The Tin Drums
Rachel Goodrich, Honeybear
2220 Beverly Blvd
Los Angeles, CA, 90057
Doors 7:00PM / Show 8:00PM
This event is 21 and over
The Tin Drums
Lap-steel guitarist Anna Beth Carson and roots-rocker Jason Diaz have come together to produce a unique blend of early Stax/Volt Soul and Americana music. Much akin to their namesake, the Tin Drums' songs tell a story of emotional triumph and self-discovery, albeit a musical one. It is easy to let the backdrop of lap-steel guitar and lush harmonies wash over you. However, under closer scrutiny, the lyrics speak a truth stranger than fiction; it is understood by anyone who has ever loved and lost and polished off a bottle of Jack to wash it all down.
"All the Way Down" is the pair's first, self-produced single off of their freshman EP, due out September of 2012. It is the beginning chapter of a long musical partnership influenced by Fleetwood Mac, Sly & the Family Stone, and Ryan Adams & the Cardinals. Now seasoned veterans of LA's live-venue circuit, Anna and Jason are fortunate to be backed by some of the best musicians in town, all of whom have the chops to prove it. The Tin Drums are playing throughout LA in prep for a fall tour on their forthcoming release. Catch them live locally before the room hits capacity.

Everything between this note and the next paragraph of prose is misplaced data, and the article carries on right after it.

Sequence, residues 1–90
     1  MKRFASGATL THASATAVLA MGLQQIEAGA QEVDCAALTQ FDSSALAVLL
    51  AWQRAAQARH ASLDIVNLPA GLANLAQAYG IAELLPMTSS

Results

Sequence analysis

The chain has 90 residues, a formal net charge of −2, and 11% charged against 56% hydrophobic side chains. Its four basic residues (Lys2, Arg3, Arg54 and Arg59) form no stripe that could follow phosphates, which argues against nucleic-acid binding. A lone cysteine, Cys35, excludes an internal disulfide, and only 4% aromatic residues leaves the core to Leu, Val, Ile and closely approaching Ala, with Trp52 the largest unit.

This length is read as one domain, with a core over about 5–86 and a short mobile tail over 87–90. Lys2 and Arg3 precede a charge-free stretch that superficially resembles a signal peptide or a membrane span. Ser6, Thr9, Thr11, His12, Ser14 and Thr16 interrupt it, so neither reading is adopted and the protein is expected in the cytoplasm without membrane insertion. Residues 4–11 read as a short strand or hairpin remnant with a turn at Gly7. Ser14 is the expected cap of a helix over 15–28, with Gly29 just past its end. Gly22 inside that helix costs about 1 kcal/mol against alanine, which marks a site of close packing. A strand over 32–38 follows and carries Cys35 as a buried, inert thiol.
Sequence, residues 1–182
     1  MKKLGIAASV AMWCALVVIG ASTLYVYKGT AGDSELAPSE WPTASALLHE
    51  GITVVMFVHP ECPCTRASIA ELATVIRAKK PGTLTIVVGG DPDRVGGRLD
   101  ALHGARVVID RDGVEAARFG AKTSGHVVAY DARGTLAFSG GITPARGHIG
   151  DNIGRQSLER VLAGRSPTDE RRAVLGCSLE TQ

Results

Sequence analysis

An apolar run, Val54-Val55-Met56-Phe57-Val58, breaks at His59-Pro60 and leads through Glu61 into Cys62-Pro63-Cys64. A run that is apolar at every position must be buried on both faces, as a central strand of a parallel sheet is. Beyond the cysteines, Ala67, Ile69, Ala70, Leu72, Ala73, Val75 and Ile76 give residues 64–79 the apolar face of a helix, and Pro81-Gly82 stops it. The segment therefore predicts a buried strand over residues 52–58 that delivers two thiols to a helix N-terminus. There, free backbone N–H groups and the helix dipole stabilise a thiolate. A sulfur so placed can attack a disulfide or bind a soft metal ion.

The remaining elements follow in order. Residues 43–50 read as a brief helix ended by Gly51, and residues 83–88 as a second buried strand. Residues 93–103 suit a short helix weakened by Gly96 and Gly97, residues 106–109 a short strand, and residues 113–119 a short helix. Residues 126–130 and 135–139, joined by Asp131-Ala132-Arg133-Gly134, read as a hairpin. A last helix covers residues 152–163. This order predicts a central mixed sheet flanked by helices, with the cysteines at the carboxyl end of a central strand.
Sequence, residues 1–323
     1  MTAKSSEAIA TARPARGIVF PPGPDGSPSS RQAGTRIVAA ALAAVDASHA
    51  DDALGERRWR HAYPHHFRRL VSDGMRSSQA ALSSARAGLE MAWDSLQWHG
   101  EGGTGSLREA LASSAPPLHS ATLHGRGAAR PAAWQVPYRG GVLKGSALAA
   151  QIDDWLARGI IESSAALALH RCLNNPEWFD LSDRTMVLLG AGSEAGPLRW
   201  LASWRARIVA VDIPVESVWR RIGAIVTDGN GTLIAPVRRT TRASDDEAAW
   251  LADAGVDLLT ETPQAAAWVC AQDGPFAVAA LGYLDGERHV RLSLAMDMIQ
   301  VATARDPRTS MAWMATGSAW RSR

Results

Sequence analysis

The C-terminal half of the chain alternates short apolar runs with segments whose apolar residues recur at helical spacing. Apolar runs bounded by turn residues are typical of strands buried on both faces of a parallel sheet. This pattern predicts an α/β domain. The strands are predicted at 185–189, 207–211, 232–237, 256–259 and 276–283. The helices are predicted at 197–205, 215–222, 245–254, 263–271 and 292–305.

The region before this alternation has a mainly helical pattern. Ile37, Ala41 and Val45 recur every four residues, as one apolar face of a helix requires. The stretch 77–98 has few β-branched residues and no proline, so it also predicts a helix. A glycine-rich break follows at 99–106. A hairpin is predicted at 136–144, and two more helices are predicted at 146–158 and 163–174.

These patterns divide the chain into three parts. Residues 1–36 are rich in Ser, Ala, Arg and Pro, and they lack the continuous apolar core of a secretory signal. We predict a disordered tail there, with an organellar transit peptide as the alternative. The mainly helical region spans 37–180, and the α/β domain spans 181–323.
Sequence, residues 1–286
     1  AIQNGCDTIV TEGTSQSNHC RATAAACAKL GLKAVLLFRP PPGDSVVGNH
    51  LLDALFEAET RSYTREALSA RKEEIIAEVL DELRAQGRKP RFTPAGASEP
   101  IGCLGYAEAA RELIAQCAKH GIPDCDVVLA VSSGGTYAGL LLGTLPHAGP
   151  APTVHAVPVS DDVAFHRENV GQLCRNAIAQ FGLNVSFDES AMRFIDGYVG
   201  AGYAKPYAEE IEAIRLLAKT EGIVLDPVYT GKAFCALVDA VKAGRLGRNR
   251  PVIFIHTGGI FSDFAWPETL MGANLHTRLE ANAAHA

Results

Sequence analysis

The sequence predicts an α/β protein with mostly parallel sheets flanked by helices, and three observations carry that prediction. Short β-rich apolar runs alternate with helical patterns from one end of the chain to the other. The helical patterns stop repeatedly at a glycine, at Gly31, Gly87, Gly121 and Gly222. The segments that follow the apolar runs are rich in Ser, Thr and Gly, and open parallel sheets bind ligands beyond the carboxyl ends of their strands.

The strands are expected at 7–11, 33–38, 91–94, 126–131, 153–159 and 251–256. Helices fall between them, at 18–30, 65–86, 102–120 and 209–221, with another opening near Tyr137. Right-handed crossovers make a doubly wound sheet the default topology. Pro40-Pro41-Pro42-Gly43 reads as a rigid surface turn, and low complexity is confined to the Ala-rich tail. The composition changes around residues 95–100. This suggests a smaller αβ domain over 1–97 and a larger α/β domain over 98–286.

Hailing from Miami Beach, FL, 24 Year Old Rachel Goodrich has been playing music and writing songs since age 12.
She explores a variety of sounds,playing everything from the guitar to the ukulele, piano, kazoo, banjo, and autoharp.
Creating this unique and exciting style, Rachel draws on some of her influences which include Joni Mitchell, The Grateful Dead, Tiny Tim, Dr. Seuss, The Lovin’ Spoonful, Bob Dylan & The Band, and so many more.
With an eclectic live show featuring a growing collection of band members and toys, Rachel has carved out her own genre she calls “shake-a-billy.”
Honeybear croons tales of love, lust, and murder with his 6-string ukulele, electronics, and guitar. He has been described as having a “penchant for genre-hopping, alternating between fragile folk songs that he played on his ukulele and more experimental sounds that were more Jandek than Beck”, and as being "directly tied to an old time history of song, yet simultaneously new and unique."
“Honeybear possessed a sound unlike anything else I heard at folk fest. Honeybear could soothe even the most ferocious beast to sleep with his beautifully eerie melodies. I cannot express how strongly I feel that everyone listen to his album”
"...a song by Honeybear, the name used by tonight's ukulele handler, which is a hushed affair until around two thirds of the way through when an enormous voice erupts from deep within him."
"Calgary’s absurdly fresh-faced Honeybear follows, one young Canadian adeptly and drolly delivering a succession of self-accompanied murder ballads, neatly restraining his obviously resonant voice until the crucial climax of each song."
“Honeybear is my best surprise of the fest”
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